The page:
Unmatched in beauty, productivity and diversity, the Kansas Flint Hills act as a window to early American landscape. Now, thanks to the Earl W. Jr. and Terri Youngmeyer Family Foundation and the Kansas Land Trust, an additional 4,676 acres of mid-Kansas prairie will be preserved in perpetuity.
Daniel Offidani, trustee for the Youngmeyer Family Foundation, worked with KLT to ensure the working ranch would remain a haven for grazing cattle, along with natural plant and animal species, forever.
While the Youngmeyer Family Foundation retains ownership of the land, along with rights like grazing, water improvement and fencing, KLT will preserve other aspects legally. The conservation easement with KLT ensures the land will continue to be used as a working ranch, will not be broken up and sold in smaller sections, cannot be used for non-agricultural commercial use, and other key factors to preserve the integrity of the prairie ecosystem.
“The conservation easement divides the property rights of the land between a landowner and a land trust like KLT,” KLT Director Jerry Jost said. “What we will do as a land trust is ensure this property stays as a working ranch used only for agricultural purposes.”
Legal protections against plowing the prairie are a main concern of KLT and are part of their easement agreements. Youngmeyer Ranch, along with other prairie properties will remain preserved under KLT protection.
“The Kansas Land Trust actually grew out of prairie (continued from page 5) near Lawrence, Kansas, that was unfortunately plowed overnight,” Jost said. “Because of that KLT board member and founder Kelly Kindscher worked with the Kansas legislature to have enabling statutes for land trusts to help conserve land like this.”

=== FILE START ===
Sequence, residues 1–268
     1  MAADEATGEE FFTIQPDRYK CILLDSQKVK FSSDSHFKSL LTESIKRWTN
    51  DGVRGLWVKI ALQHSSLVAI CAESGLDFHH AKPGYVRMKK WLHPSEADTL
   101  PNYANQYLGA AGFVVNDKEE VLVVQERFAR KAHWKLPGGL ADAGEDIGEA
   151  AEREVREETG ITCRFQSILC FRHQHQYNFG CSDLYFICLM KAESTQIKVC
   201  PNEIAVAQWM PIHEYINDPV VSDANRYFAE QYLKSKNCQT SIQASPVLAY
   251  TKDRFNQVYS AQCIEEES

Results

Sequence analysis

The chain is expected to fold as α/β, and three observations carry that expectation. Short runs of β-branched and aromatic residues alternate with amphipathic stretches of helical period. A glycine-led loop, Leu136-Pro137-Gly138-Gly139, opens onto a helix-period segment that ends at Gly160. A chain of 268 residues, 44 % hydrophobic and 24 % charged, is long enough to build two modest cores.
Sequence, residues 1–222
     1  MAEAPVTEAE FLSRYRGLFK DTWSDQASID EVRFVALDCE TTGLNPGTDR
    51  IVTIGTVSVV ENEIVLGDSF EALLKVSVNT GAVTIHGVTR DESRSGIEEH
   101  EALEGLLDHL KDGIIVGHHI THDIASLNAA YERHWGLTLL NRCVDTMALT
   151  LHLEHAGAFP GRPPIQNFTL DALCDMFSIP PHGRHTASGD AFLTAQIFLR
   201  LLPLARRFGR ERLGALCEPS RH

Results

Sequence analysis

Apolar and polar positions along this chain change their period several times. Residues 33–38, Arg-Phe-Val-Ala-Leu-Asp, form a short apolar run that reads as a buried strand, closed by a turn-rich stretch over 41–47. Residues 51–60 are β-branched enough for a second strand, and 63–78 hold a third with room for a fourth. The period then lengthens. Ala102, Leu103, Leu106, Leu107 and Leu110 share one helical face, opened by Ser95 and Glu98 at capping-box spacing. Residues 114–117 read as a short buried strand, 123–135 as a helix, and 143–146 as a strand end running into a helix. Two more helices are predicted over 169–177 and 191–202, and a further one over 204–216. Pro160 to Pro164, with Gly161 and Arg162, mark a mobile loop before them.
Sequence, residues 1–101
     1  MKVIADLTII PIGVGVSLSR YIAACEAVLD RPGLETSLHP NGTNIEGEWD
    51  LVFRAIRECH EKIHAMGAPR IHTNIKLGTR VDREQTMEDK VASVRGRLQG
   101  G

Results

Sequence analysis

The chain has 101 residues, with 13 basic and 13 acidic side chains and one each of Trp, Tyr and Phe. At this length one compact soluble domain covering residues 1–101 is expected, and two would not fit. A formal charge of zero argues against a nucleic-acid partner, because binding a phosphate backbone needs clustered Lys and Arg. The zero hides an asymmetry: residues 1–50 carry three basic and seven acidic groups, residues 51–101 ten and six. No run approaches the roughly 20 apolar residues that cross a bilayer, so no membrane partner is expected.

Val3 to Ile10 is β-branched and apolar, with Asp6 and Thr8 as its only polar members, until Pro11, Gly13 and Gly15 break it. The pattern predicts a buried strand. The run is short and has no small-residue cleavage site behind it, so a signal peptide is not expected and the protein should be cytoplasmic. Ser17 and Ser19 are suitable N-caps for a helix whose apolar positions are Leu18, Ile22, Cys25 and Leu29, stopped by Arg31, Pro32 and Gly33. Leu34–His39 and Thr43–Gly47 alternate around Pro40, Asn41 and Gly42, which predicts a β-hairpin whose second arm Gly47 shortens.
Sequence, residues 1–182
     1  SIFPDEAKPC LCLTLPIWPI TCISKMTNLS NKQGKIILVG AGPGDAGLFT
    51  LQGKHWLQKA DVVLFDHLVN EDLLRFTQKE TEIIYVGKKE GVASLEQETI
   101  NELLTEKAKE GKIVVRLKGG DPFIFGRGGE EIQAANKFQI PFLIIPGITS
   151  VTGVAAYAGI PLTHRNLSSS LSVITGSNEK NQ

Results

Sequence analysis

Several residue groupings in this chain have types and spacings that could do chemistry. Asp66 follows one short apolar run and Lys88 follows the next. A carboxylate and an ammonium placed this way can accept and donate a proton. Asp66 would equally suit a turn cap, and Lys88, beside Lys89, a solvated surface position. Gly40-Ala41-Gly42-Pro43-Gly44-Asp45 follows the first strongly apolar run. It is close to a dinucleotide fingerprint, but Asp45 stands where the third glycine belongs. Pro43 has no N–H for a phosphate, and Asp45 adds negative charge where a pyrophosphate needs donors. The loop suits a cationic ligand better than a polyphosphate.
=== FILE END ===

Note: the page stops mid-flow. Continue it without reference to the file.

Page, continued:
The Youngmeyer Ranch is only one of several properties acquired by the KLT in the past several years. KLT has collaborated with the National Fish and Wildlife Foundation to conserve 16,478 acres as part of a Native Environment Conservation Plan funded by Tradewind Energy and Enel Green Power North America.
In addition to preserving the more than 500 plant and animal species located at Youngmeyer Ranch, the property will also be used as an outdoor classroom for Wichita State Univeristy’s departments of biological sciences and geology. Students and faculty have already been mapping the various plant species on the property, as well as studying the two Greater Prairie Chicken Leks, or breeding grounds.
The conservation of the Youngmeyer Ranch is symbolic of a promise fulfilled by trustee Daniel Offidani, who shared the story of his family’s involvement with Earl and Terry Youngmeyer during the land dedication.
Without children of their own and living hundreds of miles away in Arizona, the Youngmeyers found themselves in a predicament many aging ranch owners face — how to preserve their prized possession. The hunt led them to a local library to search the yellow pages for a lawyer, where Offidani’s wife, Leslie was researching a case, and the rest is history.
“It’s been a real learning curve, after growing up in New York and living in Arizona, to adapt to this landscape and the ranching practices here,” Offidani said. “Our ranching neighbors have been a fount of knowledge for me as I continue to preserve Earl and Terri’s legacy.”
Ensuring rolling hills of the Youngmeyer Ranch are filled with grazing cattle, natural prairie, and learning students is a forever-legacy any rancher could be proud of. £